By fashioning its global profile around the Belt and Road Initiative (BRI), China is pursuing an enormously disruptive challenge to the established rules-based international system. The pitfalls of the BRI are serial − stretching last week alone from Malaysia via Pakistan to South Africa − and are eclipsing development advantages.
Take the example of Hambantota port in Sri Lanka, which was handed over to Beijing under the pressure of an enormous $8 billion debt schedule that Colombo could not afford. It exposed the BRI as a tool for China to force debt-to-equity swaps on distressed developing nations. This, in turn, allows the Chinese to gobble up the advantages of infrastructure and trade while locals see relatively little return.
Chinese exploitation of its economic advantages is ruthless and widely viewed as neo-colonialist and a debt trap. It also means that China is locked in a race for global loyalties that offers a stark choice to the world's poorest countries.
The BRI’s origins lie in Beijing’s interest in reviving Marco Polo’s Silk Road trading routes. It also takes a parallel inspiration from the Chinese admiral Zheng He’s naval expeditions across the Indian Ocean. Graphic realisations of the BRI show the many countries touched by the various lines stretching from China. These arteries of trade make for magnificent arcs on maps, but also represent bypasses, cutting off local trading systems as goods go from point to point. That aspect of the scheme is particularly pertinent to the Middle East, which faces disruption and competition to its own corridors of trade.
China has manoeuvred into this position by setting its own terms for its relationships with other countries. It is a misconception to see the BRI as the product of a sudden lightbulb moment in Beijing. In many ways, Communist China lived up to Napoleon’s jibe about the nation being a sleeping giant, but in Africa it was ambitious. The Maoist scheme to build 1,000-plus miles of railway from Tanzania to Zambia in the late 1960s was a mammoth statement of the party’s international vision.
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As it grew rich, China built its profile in many developing countries by offering quick, no-strings-attached loans at times of crisis. It was in the process of making just such an offer to Venezuela at the end of last week. It has been forwarding $5 billion a year to African countries, a sum due to increase to $20 billion annually over the next three years, following the recent Beijing Forum. All told 53 of the 54 African states turned up in the Chinese capital for the meeting.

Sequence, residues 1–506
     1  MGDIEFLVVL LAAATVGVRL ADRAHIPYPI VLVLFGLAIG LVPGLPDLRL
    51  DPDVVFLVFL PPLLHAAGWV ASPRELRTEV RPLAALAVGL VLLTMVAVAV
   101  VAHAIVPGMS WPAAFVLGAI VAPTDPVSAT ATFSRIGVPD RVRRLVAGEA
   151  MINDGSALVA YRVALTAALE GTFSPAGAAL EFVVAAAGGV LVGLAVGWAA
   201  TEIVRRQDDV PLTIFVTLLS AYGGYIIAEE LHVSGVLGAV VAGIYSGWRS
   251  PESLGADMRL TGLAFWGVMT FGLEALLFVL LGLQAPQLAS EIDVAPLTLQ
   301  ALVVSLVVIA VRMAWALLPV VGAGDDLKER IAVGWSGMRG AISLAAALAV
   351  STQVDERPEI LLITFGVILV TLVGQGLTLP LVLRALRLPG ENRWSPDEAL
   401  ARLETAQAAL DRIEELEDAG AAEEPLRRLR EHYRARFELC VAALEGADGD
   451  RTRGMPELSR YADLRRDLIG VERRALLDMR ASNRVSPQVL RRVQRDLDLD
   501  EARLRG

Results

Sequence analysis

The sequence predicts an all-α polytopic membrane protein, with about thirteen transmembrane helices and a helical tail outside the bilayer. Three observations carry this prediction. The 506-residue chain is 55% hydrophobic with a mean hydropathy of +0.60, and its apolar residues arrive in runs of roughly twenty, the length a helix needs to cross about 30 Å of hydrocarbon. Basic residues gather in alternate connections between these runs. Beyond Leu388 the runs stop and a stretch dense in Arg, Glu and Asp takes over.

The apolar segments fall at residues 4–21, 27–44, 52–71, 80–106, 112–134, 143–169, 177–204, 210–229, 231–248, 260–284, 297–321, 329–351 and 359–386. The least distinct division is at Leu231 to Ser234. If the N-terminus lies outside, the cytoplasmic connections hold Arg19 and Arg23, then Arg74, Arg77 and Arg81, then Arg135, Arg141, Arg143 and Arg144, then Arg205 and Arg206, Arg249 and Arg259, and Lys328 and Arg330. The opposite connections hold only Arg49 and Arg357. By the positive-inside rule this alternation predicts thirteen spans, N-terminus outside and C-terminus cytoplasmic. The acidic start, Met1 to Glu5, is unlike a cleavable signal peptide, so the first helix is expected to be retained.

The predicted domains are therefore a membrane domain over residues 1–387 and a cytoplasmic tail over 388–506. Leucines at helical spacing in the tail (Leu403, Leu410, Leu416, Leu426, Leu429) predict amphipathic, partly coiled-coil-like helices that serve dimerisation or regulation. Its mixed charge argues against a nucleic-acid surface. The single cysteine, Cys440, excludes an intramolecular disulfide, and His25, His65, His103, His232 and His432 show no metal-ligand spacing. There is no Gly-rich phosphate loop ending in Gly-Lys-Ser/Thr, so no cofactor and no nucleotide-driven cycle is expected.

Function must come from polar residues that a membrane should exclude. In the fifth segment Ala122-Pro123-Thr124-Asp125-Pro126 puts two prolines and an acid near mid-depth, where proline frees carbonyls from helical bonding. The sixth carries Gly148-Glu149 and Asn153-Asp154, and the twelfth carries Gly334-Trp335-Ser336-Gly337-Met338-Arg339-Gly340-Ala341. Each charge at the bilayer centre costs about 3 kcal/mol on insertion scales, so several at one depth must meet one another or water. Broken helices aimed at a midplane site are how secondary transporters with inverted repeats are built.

When the British prime minister Theresa May visited Africa just before The 2018 Beijing Summit of the Forum on China-Africa Co-operation, she acknowledged the Chinese position with a sentence conceding that the UK could not match the financial power of other nations. What she did offer, however, was a partnership with African countries to build their capacity within the existing economic rules. The British development agenda would change, she asserted, to address the new realities. “Not only protecting and supporting the most vulnerable people, but bolstering states under threat, shaping a global economy that works for everyone, and building co-operation across the world in support of the rules-based system,” she said.
Beijing is not part of the Bretton Woods system. It refuses to join the Paris Club of lenders. Chinese loans can be more flexible and more readily renegotiated. Pressure on debtors can be applied more directly. Despite their fractious relationship, US President Donald Trump's "America First" administration shares a number of aims with Beijing. Mr Trump is frequently accused of wanting to destroy the rules-based international order, just as China has actively undermined it.
This is far from collaborative project, however, and Pakistan is now providing Washington with a tool to expose China' s strategies. Imran Khan’s new government has been handed an invidious legacy of over-dependency and unsustainable debt as a result of the China-Pakistan Economic Corridor (CPEC), a jewel in the crown of the BRI. Islamabad faces the prospect of having to return to the International Monetary Fund for a bailout.
Mike Pompeo, the US Secretary of State, has drawn a line, saying Pakistan must disclose its liabilities under CPEC by publishing individual contracts that previous governments agreed with the Chinese. This is a highly sensitive matter given the longstanding nature of Pakistan’s friendship with China. It threatens to incite a backlash within Pakistan, especially if rumours of artificially high Chinese interest rates turn out to be true.
Ultimately, there are suspicions that China was lining up the Pakistani port of Gwadar as another Hambantota. The tensions intrinsic in the BRI and the wider Chinese model of blending bilateral relations and economic development now exist in every region. China already accounts for one dollar in every three of new debt in Africa. In places such as Djibouti, the liability is already four dollars in five. How that will play out is dependent on the rules of the game and how they are enforced.